1. It’s way easier to hire intelligent people who can learn the specifics of the job than it is to hire people who already know the solutions to the problems you have. Your arduino hackers and CS degree holders with no hardware experience may or may not have been great candidates who could learn the – let’s be completely honest here – incremental knowledge required for building embedded systems relatively quickly when integrated into a team with other already-experienced engineers.

          Even when you identify the “right” candidate who already knows everything you need to know, you might not be able to hire that person; those people generally want to be in a technical leadership role rather than being another individual contributor under somebody else with the same qualifications.

          The obsession of hiring managers of screening out candidates who haven’t already been there and done exactly that, and recently, is the root cause of many of corporate america’s hiring woes.

  8. When getting creative with interview questions, you need to do some work to be sure you’re *only* asking what you mean to be asking. I tried asking “Write a general function to navigate a maze given only turn_right(), is_facing_wall(), move_forward(), is_at_goal()”. And it turns out more than half of candidates have terrible position-relative 2d spatial skills. I junked that question after three dry runs.

  9. Interviews are just a method to find out why you AREN’T socially qualified which is odd for technical interviews. If they spring this on me, I just get up and walk out because the BS has started and I don’t even work there yet.

  10. Dealing with bias issues in interviews (i.e. trying to eliminate them) is already really hard, I would be concerned that an biases (accidentally) coded into the game would skew the interview, unfairly holding back members of minority groups resulting missing out on hiring potentially great people.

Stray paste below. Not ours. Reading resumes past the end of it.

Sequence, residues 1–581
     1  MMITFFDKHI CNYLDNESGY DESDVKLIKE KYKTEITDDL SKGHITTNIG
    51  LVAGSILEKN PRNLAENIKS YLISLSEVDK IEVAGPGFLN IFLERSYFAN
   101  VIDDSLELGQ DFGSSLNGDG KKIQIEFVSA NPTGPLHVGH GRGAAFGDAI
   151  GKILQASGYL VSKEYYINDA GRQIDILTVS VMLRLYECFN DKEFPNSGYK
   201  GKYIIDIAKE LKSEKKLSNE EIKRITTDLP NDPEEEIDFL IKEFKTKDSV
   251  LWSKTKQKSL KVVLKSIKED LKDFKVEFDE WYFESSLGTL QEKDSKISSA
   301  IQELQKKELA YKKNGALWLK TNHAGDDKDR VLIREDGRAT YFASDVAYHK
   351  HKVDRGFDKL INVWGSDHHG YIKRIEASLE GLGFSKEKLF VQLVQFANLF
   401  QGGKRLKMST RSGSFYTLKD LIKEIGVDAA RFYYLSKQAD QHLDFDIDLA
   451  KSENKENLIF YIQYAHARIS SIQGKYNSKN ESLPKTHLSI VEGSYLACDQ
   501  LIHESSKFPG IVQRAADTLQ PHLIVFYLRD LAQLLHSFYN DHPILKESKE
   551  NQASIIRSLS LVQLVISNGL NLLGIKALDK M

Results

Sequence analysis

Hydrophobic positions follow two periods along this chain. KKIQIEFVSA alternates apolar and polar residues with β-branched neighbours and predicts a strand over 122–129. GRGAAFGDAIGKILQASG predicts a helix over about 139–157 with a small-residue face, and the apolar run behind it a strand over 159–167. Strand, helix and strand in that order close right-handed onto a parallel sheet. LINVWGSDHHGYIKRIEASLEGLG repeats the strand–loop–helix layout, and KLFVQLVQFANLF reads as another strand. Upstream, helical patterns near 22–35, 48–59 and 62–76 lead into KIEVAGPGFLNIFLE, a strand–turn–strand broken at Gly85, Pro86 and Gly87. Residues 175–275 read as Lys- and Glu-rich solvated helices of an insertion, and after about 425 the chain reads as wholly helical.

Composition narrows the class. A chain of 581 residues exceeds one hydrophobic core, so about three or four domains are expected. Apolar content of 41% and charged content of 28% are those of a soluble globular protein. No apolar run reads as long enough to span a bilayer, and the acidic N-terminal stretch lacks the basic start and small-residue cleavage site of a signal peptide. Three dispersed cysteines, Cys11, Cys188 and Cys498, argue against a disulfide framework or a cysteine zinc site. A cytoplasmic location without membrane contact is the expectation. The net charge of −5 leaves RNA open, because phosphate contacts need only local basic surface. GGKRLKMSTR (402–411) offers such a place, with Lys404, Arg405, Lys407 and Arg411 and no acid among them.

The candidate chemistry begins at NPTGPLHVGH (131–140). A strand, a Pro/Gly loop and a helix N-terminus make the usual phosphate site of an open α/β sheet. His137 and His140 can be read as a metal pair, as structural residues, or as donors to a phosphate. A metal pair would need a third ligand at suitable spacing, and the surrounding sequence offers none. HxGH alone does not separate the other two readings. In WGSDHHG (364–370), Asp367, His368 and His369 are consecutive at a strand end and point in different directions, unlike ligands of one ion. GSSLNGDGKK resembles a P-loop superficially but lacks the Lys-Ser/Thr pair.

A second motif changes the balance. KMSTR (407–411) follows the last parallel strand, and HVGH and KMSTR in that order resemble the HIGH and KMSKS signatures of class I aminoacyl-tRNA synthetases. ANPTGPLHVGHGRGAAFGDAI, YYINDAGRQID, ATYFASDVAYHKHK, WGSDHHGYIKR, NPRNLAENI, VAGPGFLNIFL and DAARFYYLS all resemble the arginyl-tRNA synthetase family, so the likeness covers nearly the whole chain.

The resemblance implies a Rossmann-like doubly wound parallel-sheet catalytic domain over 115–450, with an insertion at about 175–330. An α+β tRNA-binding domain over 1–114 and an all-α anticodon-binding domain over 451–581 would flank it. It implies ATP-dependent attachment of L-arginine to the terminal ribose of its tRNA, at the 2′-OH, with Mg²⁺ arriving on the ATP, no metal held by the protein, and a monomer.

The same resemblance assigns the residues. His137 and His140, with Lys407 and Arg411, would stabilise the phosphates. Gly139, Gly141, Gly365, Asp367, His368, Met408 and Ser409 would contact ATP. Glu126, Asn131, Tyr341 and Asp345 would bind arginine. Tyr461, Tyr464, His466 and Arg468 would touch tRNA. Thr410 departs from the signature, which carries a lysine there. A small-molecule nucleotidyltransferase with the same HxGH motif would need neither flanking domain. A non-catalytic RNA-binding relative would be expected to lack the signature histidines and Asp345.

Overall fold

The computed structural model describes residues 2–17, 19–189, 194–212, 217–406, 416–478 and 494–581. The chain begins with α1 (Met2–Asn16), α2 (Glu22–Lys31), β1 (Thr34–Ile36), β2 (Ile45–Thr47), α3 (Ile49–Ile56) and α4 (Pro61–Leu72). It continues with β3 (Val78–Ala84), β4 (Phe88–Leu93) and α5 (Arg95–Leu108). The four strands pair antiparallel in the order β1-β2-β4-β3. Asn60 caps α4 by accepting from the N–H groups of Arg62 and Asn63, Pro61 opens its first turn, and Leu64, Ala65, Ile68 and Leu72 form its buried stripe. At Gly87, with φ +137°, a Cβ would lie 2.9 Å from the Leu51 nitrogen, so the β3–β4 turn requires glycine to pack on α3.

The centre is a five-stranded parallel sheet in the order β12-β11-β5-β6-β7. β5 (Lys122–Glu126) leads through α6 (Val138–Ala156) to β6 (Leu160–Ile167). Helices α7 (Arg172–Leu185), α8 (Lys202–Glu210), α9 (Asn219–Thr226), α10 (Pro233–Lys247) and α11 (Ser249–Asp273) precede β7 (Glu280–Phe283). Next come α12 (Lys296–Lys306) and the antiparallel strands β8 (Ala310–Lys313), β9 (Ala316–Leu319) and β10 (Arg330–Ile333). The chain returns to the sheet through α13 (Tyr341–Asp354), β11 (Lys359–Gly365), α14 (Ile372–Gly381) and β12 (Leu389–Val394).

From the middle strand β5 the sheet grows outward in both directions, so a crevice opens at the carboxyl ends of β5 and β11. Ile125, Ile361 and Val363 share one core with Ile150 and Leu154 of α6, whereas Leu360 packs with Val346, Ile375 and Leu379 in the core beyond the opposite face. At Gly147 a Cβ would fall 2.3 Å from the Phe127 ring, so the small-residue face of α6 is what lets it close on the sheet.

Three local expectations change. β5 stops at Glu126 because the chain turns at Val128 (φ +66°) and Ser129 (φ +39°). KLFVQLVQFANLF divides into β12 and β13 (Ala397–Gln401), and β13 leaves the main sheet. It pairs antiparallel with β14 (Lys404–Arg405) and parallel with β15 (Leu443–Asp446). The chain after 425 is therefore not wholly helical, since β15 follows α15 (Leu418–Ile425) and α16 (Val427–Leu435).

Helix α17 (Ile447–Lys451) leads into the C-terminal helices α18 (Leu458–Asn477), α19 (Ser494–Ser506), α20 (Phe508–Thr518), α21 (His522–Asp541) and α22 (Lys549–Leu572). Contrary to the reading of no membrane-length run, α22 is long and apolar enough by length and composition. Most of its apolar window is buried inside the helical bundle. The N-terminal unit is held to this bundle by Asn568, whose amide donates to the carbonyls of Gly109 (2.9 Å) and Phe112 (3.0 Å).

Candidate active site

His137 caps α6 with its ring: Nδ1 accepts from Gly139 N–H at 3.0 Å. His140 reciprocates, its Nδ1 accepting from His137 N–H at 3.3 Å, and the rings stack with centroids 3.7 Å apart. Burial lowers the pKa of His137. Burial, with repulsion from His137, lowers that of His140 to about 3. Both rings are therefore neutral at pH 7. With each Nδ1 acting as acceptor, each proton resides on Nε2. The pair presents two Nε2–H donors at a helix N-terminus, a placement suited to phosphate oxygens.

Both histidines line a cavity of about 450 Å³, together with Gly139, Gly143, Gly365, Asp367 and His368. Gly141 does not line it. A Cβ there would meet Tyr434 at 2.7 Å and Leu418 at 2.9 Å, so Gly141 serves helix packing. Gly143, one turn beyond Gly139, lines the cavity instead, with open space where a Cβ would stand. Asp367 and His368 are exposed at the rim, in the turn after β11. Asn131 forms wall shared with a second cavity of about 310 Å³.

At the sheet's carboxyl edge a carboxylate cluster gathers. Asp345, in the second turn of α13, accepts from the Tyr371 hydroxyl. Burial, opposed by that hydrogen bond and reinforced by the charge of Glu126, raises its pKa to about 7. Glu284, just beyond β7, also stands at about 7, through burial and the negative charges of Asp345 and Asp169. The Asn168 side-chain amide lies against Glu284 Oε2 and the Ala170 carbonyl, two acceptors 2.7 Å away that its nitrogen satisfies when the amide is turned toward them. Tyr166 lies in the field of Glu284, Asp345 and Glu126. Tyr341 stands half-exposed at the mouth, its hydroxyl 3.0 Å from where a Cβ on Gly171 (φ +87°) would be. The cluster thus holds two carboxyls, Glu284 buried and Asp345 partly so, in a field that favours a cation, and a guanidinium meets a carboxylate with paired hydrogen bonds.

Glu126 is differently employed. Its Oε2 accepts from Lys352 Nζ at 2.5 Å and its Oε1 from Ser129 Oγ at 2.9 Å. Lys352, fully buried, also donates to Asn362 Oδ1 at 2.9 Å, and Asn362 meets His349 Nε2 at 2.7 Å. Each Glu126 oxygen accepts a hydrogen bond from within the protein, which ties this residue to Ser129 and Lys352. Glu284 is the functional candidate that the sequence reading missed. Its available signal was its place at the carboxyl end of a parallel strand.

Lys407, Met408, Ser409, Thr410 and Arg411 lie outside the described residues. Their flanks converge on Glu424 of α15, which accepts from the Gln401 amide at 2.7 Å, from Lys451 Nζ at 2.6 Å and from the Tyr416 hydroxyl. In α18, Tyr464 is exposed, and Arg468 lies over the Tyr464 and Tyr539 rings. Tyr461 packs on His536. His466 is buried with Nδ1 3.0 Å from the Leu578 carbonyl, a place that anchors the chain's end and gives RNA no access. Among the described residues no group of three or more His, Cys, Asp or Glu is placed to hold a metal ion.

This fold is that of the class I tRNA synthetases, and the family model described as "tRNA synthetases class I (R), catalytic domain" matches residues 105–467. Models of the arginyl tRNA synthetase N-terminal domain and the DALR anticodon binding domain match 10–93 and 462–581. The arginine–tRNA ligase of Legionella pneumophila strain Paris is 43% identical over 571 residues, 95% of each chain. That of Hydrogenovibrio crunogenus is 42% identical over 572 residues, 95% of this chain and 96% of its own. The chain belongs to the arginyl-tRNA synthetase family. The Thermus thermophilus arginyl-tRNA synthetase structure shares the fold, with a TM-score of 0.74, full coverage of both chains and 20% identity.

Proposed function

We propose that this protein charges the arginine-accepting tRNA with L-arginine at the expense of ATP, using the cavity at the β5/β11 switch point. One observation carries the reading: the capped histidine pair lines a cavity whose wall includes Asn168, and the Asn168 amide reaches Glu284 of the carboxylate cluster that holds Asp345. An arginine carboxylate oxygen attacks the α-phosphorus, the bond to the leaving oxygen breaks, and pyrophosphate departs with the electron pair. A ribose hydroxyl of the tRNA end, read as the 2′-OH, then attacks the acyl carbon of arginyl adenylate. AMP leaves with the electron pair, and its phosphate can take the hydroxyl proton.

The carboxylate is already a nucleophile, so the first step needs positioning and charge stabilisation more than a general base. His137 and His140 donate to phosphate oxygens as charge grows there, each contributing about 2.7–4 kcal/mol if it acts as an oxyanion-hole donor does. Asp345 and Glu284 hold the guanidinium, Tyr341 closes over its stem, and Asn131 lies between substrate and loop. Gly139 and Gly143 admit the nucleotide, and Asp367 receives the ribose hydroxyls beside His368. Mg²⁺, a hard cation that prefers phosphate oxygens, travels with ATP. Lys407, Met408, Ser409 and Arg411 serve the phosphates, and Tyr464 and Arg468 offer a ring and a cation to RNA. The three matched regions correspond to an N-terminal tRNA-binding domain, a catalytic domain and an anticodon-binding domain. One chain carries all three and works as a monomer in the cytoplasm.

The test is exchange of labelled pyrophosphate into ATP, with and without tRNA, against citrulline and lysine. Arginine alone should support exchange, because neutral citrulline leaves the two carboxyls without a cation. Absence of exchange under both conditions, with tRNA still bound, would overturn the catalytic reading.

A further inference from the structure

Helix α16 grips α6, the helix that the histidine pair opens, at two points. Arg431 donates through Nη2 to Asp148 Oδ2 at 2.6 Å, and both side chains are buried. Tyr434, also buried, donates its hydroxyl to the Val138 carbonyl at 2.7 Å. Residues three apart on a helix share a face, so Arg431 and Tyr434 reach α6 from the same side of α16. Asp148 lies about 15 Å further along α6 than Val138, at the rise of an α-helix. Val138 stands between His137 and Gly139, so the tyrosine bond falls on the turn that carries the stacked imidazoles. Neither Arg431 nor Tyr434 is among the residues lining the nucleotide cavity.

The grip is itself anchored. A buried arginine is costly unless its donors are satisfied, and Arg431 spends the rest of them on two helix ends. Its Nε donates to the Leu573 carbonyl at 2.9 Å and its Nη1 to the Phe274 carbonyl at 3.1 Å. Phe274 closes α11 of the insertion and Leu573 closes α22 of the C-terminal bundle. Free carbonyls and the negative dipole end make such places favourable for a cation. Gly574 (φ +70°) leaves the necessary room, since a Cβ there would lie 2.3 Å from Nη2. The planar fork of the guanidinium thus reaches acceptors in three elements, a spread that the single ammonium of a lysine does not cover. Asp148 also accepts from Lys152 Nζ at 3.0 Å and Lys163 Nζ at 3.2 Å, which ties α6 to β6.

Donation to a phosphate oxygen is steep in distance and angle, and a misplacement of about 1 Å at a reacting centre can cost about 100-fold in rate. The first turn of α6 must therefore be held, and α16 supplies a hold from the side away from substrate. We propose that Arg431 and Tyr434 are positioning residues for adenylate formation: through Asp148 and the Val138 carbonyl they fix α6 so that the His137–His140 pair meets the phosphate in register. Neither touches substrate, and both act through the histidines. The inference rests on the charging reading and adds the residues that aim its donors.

While the problem of bias exists interviews without video games, the video game may introduce a level indirection, making the hiring bias much more ambiguous and harder to identify or fix.

    1. Every possible bias against any genetic trait the computer cannot possibly know will be completely dwarfed by difference between gamers and non-gamers. The difference between gamer and non-gamer is a measure of a largely useless skill set. Knowing WASD controls should not be a good foundation for an interview for a good job.

      Unless you are blind because of genetics, that impedes computer use a lot.

  11. Wow. Honestly, I never thought I’d be in the minority opinion on Hackaday. If you gave me Factorio as an interview question I’d be delighted. You want me to play video games with my potential boss, who ostensibly I could be spending more awake time with than my own child? I’d kill to have that amount of attention from a potential employer. Eight hours of play time is a small sacrifice. This guy is clearly just giving people an opportunity to advertise themselves in a non-confrontational and constructive way.

    In the past I’ve spent hours preparing for dumb interview questions that sought to provoke thought processes. If you’ve ever prepped for an interview you’ve probably seen questions like: “why is a manhole cover round?” or “how much does a cloud weigh?” or “Show me how to make a calendar with two six sided die.” I think the real tragedy hiring managers feel the need to ask these types of questions. If I remember correctly, google walked away from these questions in their interview process because these questions don’t really serve any purpose.

    I’ve got 40 hours logged on Factorio and I keep finding myself building ultra low pollution builds because I like the aliens in the game. It’s not exactly how the game is supposed to be played, I know. You could even argue that the Engineer is actually the real alien because he crash landed. Perhaps in eight hours I could explain that I want to respect the autonomy of a sentient species, and that despite the challenge, I’m certain there can be a solution.

    Anyway I think a better game to use for an ad hoc interview would be Shenzhen I/O. That game comes with a PDF that replicates a microprocessor manual. I highly recommend it.

  12. Why not just play some Tiger Woods golf? Using a specific video game that isn’t the actual work involves some really weird intentional personal bias in the process.

    i.e. “I like this game? Do you like this game? No? Maybe you’re not right for the job…”